RFC 5430 Suite B for TLS March 2009 7. References 7.1. Normative References [RFC2119] Bradner, S., "Key words for use in RFCs to Indicate Requirement Levels", BCP 14, RFC 2119, March 1997. [RFC4492] Blake-Wilson, S., Bolyard, N., Gupta, V., Hawk, C., and B. Moeller, "Elliptic Curve Cryptography (ECC) Cipher Suites for Transport Layer Security (TLS)", RFC 4492, May 2006. [RFC5246] Dierks, T. and E. Rescorla, "The Transport Layer Security (TLS) Protocol Version 1.2", RFC 5246, August 2008. [RFC5289] Rescorla, E., "TLS Elliptic Curve Cipher Suites with SHA- 256/384 and AES Galois Counter Mode (GCM)", RFC 5289, August 2008. [AES] National Institute of Standards and Technology, "Specification for the Advanced Encryption Standard (AES)", FIPS 197, November 2001. [DSS] National Institute of Standards and Technology, "Digital Signature Standard", FIPS 186-2, January 2000. [PWKE] National Institute of Standards and Technology, "Recommendation for Pair-Wise Key Establishment Schemes Using Discrete Logarithm Cryptography (Revised)", NIST Special Publication 800-56A, March 2007. [SHS] National Institute of Standards and Technology, "Secure Hash Standard", FIPS 180-2, August 2002. 7.2. Informative References [RFC2246] Dierks, T. and C. Allen, "The TLS Protocol Version 1.0", RFC 2246, January 1999. [RFC4346] Dierks, T. and E. Rescorla, "The Transport Layer Security (TLS) Protocol Version 1.1", RFC 4346, April 2006. [RFC5288] Salowey, J., Choudhury, A., and D. McGrew, "AES Galois Counter Mode (GCM) Cipher Suites for TLS", RFC 5288, August 2008. [NSA] National Security Agency, "Fact Sheet NSA Suite B Cryptography", <http://www.nsa.gov/ia/Industry/crypto_suite_b.cfm>. Salter, et al. Informational [Page 11]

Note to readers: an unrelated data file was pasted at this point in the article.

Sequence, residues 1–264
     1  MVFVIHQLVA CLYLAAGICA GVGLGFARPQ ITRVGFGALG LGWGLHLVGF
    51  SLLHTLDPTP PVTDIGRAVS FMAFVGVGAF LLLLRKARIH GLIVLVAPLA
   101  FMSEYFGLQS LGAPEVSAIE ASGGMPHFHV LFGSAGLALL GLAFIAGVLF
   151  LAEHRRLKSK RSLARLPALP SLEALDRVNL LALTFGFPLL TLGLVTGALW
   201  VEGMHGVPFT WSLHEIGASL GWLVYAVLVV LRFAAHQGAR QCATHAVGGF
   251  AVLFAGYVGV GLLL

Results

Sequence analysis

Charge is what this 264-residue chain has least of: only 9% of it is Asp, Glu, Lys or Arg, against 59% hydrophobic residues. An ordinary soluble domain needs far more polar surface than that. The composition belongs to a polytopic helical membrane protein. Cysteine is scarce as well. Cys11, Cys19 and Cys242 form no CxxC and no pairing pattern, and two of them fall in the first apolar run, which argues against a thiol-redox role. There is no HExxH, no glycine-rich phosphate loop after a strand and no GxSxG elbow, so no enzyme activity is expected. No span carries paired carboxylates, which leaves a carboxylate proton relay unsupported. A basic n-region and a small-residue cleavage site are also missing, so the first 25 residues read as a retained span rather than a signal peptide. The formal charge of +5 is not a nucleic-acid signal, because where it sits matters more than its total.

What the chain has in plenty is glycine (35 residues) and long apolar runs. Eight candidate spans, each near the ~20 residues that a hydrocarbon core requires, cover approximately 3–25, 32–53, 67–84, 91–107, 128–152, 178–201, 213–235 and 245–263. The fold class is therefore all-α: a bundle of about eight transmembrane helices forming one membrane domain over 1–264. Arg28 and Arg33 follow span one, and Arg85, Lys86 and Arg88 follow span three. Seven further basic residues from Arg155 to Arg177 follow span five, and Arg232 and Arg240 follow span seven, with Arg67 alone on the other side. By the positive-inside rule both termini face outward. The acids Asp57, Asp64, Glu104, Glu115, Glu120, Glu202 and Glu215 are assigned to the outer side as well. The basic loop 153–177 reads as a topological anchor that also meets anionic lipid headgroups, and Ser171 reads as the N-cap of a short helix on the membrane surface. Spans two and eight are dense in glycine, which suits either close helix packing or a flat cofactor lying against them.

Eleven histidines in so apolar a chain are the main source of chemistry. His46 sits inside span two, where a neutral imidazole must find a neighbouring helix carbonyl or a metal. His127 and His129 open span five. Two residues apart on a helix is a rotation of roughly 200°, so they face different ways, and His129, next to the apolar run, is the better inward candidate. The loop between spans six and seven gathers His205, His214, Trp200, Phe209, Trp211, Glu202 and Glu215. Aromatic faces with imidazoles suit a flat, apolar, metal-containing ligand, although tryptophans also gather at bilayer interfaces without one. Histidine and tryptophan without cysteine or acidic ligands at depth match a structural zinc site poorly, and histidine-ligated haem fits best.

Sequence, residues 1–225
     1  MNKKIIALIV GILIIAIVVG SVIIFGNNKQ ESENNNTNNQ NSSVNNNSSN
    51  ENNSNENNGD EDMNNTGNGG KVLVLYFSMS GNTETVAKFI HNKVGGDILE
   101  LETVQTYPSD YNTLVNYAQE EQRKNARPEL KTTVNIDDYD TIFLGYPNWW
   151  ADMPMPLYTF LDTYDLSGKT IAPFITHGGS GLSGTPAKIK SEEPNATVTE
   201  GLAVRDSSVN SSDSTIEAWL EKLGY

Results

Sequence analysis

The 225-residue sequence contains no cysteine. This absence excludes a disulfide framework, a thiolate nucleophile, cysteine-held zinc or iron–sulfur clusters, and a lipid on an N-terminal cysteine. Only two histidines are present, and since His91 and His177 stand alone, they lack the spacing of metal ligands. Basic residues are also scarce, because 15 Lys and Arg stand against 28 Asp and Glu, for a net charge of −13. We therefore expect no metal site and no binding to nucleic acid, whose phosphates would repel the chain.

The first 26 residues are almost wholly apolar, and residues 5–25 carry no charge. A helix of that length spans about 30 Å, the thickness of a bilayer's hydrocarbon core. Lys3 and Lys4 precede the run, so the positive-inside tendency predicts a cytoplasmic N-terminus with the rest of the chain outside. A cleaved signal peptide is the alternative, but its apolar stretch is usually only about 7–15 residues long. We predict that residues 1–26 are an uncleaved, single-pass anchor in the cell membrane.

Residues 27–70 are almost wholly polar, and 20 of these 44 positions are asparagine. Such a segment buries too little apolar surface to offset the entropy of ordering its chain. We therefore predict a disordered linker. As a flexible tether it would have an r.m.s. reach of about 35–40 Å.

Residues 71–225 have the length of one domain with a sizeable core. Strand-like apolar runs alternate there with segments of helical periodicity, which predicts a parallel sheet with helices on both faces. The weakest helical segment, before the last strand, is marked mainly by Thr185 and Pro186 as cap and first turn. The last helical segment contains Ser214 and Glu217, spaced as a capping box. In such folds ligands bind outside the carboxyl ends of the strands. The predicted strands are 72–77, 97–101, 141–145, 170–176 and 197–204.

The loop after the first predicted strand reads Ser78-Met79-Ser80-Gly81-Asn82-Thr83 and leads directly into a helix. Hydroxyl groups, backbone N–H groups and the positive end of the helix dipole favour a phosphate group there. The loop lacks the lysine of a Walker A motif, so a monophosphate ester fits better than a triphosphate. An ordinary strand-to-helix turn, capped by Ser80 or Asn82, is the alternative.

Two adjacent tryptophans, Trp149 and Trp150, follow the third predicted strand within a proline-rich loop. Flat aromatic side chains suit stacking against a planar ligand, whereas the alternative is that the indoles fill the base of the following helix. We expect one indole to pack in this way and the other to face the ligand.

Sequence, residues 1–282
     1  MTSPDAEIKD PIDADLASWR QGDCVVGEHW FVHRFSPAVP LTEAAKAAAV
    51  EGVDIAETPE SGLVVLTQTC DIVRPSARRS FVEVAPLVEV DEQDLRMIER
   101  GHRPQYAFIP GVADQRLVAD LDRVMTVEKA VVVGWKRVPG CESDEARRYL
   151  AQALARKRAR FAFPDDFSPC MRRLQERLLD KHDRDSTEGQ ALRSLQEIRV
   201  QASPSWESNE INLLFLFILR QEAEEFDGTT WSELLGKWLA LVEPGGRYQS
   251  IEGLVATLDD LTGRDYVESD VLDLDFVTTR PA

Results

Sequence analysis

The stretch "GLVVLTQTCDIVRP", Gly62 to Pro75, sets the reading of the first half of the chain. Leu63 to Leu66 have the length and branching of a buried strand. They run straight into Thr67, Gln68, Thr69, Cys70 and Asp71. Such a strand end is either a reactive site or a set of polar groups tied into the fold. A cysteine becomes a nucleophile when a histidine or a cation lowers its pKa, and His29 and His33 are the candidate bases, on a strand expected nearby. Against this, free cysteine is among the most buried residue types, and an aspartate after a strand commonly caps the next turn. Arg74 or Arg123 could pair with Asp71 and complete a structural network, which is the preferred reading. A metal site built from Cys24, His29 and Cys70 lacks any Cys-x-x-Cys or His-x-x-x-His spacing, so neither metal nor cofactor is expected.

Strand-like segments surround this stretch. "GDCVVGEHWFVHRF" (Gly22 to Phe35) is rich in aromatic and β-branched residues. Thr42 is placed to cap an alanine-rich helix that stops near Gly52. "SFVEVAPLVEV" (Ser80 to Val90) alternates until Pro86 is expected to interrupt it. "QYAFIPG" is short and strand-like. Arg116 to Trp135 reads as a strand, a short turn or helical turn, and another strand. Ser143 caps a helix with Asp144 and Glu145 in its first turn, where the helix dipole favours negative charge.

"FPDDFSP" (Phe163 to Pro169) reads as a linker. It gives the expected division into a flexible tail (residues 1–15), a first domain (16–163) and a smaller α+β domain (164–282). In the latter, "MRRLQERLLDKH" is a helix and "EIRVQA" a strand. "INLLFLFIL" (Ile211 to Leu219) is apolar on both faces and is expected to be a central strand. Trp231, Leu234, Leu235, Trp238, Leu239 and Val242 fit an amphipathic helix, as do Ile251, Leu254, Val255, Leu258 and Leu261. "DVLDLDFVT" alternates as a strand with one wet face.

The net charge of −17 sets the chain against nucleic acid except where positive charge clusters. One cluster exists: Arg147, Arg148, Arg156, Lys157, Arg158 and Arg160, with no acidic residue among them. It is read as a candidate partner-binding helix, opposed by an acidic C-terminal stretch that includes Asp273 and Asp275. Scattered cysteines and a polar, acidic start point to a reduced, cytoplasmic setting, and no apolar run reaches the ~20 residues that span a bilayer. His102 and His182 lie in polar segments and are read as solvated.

RFC 5430 Suite B for TLS March 2009 Authors' Addresses Margaret Salter National Security Agency 9800 Savage Rd. Fort Meade 20755-6709 USA EMail: msalter@restarea.ncsc.mil Eric Rescorla Network Resonance 2064 Edgewood Drive Palo Alto 94303 USA EMail: ekr@rtfm.com Russ Housley Vigil Security 918 Spring Knoll Drive Herndon 21070 USA EMail: housley@vigilsec.com Salter, et al. Informational [Page 12]